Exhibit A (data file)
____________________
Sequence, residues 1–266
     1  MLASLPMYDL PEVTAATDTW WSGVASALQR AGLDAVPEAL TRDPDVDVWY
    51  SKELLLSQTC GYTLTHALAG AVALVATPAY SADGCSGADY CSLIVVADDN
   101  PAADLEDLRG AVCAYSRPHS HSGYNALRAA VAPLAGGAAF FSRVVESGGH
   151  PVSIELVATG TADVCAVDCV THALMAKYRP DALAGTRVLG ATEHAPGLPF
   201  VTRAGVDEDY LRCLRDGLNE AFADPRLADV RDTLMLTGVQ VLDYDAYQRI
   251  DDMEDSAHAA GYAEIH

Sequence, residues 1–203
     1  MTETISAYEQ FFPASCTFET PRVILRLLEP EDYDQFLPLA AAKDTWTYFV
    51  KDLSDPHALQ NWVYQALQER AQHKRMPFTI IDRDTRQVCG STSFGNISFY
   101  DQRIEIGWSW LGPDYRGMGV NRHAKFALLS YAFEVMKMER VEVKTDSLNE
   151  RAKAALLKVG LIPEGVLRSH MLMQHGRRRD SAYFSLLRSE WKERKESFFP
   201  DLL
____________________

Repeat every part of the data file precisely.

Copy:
Sequence, residues 1–266
     1  MLASLPMYDL PEVTAATDTW WSGVASALQR AGLDAVPEAL TRDPDVDVWY
    51  SKELLLSQTC GYTLTHALAG AVALVATPAY SADGCSGADY CSLIVVADDN
   101  PAADLEDLRG AVCAYSRPHS HSGYNALRAA VAPLAGGAAF FSRVVESGGH
   151  PVSIELVATG TADVCAVDCV THALMAKYRP DALAGTRVLG ATEHAPGLPF
   201  VTRAGVDEDY LRCLRDGLNE AFADPRLADV RDTLMLTGVQ VLDYDAYQRI
   251  DDMEDSAHAA GYAEIH

Sequence, residues 1–203
     1  MTETISAYEQ FFPASCTFET PRVILRLLEP EDYDQFLPLA AAKDTWTYFV
    51  KDLSDPHALQ NWVYQALQER AQHKRMPFTI IDRDTRQVCG STSFGNISFY
   101  DQRIEIGWSW LGPDYRGMGV NRHAKFALLS YAFEVMKMER VEVKTDSLNE
   151  RAKAALLKVG LIPEGVLRSH MLMQHGRRRD SAYFSLLRSE WKERKESFFP
   201  DLL